10 Things We All Can Do To Help Mitigate Climate Change In San Diego
News about climate change can make people feel helpless. But there are researchers working on ways for communities to mitigate the effects of climate change in their own backyards. The Climate Science Alliance partnering with Scripps Institution of Oceanography has just published a pocket guide with ten things we all can do to help take the pressure off wildlife and the natural landscape around us. Joining me is Dr Amber Paris director of the Climate Science Alliance and Amber welcome to the program. Thank you so much for having me. It's a pleasure to be here. Since so much of the impact of climate change is still unfolding how do you determine how climate change will affect local communities like San Diego. So we actually do have the research to really understand what those impacts look like and we're building off a huge breadth of information whether it's the climate science coming out of Scripps or the Omaid amazing understanding of our natural resources and ecosystems. So what is so telling about this project is that really came out of a really unique partnership between climatologists and ecologists coming together to really understand the state of science. So what do we already know and how do those pieces fit together and what is really remarkable about this is these scientists came together with no funding and no mandate to do this. They came together because they really believed that the work can be applied now and we can start to take actions based on what we already know. And so this pairing was really unique in that the climatologists would say this is what we know about sea surface temperature. This is what we know about precipitation variability and the ecologist would be across the table and they will say well that's going to happen. This is what's going to happen for soil moisture and this is what's going to happen for plants and animals. And so it really was this unique kind of interdisciplinary approach to really understand what that looks like on the ground. Can you tell us what it looks like on the ground here in San Diego. Can you give us some specific examples. Absolutely. So our story about climate impacts in our region is really a story of extremes. We can expect more extreme temperatures. We can expect those temperatures to last for longer. So that means we're going to have these longer prolonged heat events. It means that our nighttime temperatures are not going to drop the way they used to so usually physiologically our bodies and also for our wildlife they need that nighttime cooling to cool themselves down for your body to respond. So without that we're under more stress. So we expect these more extreme temperatures to last for longer. We expect more variability in our precipitation. So that means we're going to go longer without rain. And then when that rain comes it's going to be heavy and a lot and fast and then with those responses we're going to see more fuel on the ground which is going to lead into potential for more fire. So when you have these kind of extremes happening it leads to you know more vegetation drier conditions more potential for fire and we have to keep in mind that people are still the major driver of that fire. But we're creating conditions with which that can happen more frequently. Now you published the findings in a new pocket guide that people in San Diego will be able to pick up at their local libraries. What will people learn from that guide. Aside from what you've just told us what can they do to help mitigate what is apparently going to happen here in San Diego. So we know from these impacts that these extremes are going to be harder on people and wildlife. And so you know there's a lot of things we can do to help reduce these existing stressors on our wildlife and help sort of give wildlife a break take that pressure off of them. So even the little things you can do with planting native plants in your garden putting in a pollinator garden these are all things that give animals some respect. We can do a lot more in sort of helping our state and federal wildlife agencies and looking at Habitat connectivity and giving animals and plants the ability to move if they can and adjust. So it's about taking that pressure off the alliance has been working with San Diego of all ages to educate about the changes coming in the natural world. Here's what Pacific Beach Elementary students Sophia learned of an alliance field trip last year. The next generation. So if you are. The next generation know that there are sure things like elephants fish sharks. Sea crabs and all the other life. You have. Do your share that. What's the goal of teaching children so young about climate change. Well I think a lot about this and the fact that I my work in really my life is really focused on these climate change issues. I really spend a lot of time with climate scientists enough to be really scared but we can not be hindered by that fear and we have to find those reasons for hope and that was really what started the climate kids program which is I have two young children of my own and I think a lot about how do I talk to them about climate change in a way that's not scary in a way that's going to really empower them to be leaders now and in the future. And so the climate kids program was all brought about under this strong belief that I do not want my children or any children in this generation growing up with the cloud of denial over their head that has stopped us as a society from taking actions. We need to mainstream this understanding that climate change is happening. We're seeing these impacts and that we have a new future ahead of us and it's up to us to shape that future. And so with that working with kids and using hands on science and art and storytelling we're giving them that science information but we're also giving them solutions they can take right now to address those impacts and to be leaders in our community whether you're 5 years old you're 15 years old or you're 85 years old so you have children learning from your research what about state and local leaders. Are they using the research to help us adapt our region to the impacts of climate change. Absolutely we can be really proud in our region but also at the state level of the role that we are taking and being leaders on climate. And so whether you're working in the natural resource community you work in community health everyone is really trying to think about how we bring climate in and this understanding of the climate science. And that's really our role in the climate science alliances to you know help advance the research but really translate and disseminate the information so that people can use it. And that's really the role that we've been playing with this report with the Fourth Assessment and always trying to really get that information out there. After all the disturbing news about climate change increased wildfires the droughts sea level rise et cetera all the things that we've been hearing. Do you think people will be open to using your guide or does the problems seem too big. Well I think that's part of the problem in dwelling too much on the doom and gloom we need this science we need to understand what's happening but there's so many things that we can do about that and everyone plays a role. So if you think of this as a huge jigsaw puzzle everybody's got a piece to play and if you're just on your own with your couple of pieces it seems hard to see how it fits together. But if everybody is working on a couple of those pieces whether it's at the federal state level whether it's around policy whether you're working in your community to address different issues whether you're just taking action in your own backyard. Everybody has a role to play and when those pieces come together that's when we really can see the benefits of doing so much more together than we can do alone. I've been speaking with Amber Harris she's director of the Climate Science Alliance the Climate Science Alliance pocket guides will be available at all 36 branches of San Diego Library System in October. Amber thank you. Thank you. Pleasure to be here with you.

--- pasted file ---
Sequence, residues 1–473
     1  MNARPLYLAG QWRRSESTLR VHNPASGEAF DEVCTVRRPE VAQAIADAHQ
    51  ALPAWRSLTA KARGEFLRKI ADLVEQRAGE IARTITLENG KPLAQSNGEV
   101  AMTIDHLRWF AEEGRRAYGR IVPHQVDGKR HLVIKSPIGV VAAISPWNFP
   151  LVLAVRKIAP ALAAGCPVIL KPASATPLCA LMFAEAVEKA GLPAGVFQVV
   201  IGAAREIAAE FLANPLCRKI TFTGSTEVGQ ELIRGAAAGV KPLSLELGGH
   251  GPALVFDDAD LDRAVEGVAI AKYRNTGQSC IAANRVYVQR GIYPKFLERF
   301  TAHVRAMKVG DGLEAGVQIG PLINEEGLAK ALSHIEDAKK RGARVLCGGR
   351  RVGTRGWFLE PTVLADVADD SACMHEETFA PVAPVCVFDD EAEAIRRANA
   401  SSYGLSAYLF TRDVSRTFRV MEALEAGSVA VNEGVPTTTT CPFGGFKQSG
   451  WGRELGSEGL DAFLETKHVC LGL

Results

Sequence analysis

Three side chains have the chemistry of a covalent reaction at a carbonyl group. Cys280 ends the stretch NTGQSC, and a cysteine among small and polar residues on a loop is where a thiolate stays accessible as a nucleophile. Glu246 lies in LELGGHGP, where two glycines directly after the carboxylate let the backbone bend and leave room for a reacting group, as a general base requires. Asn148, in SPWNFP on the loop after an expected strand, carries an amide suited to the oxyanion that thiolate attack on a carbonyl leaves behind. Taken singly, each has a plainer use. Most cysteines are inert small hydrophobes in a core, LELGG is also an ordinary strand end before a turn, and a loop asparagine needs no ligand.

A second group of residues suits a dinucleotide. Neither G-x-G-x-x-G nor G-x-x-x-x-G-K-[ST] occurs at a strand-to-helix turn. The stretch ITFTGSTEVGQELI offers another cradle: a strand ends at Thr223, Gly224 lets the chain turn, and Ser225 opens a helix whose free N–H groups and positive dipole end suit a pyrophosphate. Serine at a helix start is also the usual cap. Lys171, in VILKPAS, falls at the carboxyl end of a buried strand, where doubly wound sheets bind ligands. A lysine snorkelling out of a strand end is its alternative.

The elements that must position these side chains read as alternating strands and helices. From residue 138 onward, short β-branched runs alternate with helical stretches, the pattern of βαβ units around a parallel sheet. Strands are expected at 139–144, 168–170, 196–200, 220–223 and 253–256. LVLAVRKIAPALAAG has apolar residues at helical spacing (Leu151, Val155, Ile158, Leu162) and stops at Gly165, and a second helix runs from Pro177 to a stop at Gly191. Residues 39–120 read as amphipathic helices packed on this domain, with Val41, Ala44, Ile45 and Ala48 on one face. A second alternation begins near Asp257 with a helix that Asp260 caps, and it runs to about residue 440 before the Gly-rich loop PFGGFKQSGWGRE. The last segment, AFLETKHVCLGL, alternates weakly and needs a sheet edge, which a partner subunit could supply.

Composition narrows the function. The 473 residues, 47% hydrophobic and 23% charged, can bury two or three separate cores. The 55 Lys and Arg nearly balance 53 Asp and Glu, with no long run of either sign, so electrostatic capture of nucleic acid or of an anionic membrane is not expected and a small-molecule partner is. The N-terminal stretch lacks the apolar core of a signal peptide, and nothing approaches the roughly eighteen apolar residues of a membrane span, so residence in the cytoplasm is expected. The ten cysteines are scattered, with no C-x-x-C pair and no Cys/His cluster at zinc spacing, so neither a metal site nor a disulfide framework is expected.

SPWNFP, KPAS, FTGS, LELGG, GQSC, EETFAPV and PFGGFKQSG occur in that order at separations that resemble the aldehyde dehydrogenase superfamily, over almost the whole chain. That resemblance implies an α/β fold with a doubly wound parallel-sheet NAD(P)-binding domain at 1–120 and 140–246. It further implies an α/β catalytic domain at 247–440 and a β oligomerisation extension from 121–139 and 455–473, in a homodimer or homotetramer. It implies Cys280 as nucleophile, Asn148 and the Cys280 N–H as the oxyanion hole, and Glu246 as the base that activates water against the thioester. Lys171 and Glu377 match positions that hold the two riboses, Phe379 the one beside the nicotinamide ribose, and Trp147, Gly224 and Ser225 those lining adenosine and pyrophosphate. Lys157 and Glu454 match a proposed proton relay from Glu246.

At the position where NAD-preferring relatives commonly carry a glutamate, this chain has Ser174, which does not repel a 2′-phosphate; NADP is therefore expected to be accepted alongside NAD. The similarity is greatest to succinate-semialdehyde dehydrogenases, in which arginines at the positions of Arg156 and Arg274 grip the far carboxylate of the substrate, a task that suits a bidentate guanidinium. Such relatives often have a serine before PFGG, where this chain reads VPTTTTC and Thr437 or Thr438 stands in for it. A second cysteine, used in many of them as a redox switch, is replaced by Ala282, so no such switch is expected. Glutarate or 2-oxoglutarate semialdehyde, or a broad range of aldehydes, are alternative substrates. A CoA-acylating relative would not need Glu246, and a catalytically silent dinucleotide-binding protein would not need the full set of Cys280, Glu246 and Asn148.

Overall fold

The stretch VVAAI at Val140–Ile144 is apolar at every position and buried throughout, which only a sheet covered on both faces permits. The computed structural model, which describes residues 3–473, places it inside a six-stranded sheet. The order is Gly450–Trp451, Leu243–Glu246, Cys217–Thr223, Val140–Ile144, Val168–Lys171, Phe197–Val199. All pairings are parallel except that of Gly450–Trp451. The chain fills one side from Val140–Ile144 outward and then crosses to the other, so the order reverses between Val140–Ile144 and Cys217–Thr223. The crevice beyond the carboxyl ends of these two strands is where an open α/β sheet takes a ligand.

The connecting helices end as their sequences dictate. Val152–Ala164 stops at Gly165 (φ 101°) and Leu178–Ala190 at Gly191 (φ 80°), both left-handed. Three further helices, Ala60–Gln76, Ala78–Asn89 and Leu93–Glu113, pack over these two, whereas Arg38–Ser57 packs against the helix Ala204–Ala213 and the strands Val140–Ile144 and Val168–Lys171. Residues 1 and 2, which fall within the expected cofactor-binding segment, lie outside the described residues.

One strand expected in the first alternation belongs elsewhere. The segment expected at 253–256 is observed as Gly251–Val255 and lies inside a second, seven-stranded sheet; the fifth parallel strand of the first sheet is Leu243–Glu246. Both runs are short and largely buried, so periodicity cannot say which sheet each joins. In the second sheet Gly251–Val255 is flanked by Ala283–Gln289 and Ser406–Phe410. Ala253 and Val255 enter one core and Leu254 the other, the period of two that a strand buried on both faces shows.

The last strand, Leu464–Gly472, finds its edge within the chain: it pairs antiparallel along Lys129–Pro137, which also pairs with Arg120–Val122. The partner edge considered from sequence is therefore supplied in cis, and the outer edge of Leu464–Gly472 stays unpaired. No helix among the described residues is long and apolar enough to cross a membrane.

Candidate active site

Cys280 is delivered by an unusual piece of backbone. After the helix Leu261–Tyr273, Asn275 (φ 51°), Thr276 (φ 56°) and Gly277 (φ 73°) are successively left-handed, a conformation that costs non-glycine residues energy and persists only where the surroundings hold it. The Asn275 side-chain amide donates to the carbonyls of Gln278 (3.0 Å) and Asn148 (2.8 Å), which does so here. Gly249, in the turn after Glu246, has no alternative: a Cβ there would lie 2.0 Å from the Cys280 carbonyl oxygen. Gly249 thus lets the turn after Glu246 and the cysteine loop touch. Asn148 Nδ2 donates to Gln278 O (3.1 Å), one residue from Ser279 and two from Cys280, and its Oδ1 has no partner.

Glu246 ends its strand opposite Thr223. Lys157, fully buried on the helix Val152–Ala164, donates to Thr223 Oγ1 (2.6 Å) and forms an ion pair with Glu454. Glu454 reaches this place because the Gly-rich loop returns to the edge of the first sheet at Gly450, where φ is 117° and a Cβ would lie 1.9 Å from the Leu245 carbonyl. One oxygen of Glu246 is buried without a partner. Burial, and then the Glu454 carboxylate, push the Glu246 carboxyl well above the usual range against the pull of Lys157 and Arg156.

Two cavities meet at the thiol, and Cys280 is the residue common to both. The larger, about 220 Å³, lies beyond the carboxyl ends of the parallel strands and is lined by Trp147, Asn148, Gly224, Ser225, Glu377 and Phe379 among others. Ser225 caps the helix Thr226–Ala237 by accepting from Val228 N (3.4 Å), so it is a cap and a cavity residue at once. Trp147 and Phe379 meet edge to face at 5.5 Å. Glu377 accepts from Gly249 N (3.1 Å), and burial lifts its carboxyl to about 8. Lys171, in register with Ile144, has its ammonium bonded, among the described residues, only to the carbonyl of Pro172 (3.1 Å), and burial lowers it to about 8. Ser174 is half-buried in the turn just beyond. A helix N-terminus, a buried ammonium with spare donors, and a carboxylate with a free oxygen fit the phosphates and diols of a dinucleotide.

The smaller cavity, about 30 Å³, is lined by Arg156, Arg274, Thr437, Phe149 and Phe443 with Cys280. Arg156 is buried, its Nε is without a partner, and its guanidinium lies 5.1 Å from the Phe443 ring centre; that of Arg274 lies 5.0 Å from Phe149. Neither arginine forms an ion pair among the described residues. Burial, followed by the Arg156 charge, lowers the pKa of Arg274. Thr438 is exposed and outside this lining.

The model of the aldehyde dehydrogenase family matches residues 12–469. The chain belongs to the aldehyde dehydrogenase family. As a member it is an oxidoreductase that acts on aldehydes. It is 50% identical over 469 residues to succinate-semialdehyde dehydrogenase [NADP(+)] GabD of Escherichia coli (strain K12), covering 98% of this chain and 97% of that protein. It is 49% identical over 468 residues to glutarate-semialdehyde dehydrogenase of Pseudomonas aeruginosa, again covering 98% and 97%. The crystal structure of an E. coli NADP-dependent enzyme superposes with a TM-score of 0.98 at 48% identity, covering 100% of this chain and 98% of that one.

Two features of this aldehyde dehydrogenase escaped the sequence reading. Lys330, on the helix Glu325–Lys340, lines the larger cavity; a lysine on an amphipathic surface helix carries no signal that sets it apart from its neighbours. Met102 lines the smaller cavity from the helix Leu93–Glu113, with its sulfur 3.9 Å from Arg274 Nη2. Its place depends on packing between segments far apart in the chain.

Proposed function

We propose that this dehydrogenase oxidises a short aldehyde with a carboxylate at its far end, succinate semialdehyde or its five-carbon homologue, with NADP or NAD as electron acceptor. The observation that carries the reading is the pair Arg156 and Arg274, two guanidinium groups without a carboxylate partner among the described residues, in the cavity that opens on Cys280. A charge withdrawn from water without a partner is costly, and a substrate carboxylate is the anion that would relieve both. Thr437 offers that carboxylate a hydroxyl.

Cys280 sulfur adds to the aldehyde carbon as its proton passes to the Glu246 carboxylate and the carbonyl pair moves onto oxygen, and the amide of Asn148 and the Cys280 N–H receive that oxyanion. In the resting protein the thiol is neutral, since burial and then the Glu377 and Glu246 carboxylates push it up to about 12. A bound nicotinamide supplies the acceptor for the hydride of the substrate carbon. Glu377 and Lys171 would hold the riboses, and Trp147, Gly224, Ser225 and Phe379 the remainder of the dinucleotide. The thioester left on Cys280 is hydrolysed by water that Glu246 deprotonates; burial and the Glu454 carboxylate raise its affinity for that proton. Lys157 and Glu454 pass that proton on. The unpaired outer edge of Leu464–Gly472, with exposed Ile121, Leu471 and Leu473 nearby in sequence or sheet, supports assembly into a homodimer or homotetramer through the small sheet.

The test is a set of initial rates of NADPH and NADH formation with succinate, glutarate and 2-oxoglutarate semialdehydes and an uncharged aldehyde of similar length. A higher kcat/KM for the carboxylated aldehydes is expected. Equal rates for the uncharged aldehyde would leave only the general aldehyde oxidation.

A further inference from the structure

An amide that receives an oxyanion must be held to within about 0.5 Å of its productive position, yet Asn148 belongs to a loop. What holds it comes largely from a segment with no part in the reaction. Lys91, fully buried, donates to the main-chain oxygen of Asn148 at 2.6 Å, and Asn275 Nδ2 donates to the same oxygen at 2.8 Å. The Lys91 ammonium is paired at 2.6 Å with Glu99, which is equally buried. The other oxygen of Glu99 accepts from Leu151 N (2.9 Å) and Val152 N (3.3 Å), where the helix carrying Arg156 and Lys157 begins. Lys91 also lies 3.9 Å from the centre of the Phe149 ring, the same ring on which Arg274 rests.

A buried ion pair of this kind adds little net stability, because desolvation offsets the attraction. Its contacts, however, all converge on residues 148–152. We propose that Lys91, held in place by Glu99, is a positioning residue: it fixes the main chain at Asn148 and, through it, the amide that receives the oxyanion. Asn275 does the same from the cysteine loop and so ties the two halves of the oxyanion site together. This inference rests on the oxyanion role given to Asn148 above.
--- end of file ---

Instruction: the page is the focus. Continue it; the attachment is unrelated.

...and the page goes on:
News about climate change can make people feel helpless. But there are researchers in San Diego working on ways for communities to mitigate the effects of climate change in their own backyards.
The Climate Science Alliance in partnership with Scripps Institution of Oceanography has just published a pocket guide with 10 things we all can do to help take the pressure off wildlife and the natural landscape around us.
Amber Pairis, director of the Climate Science Alliance, joins Midday Edition Wednesday.
The Climate Science Alliance pocket guides will be available at all 36 branches of the San Diego library system in October.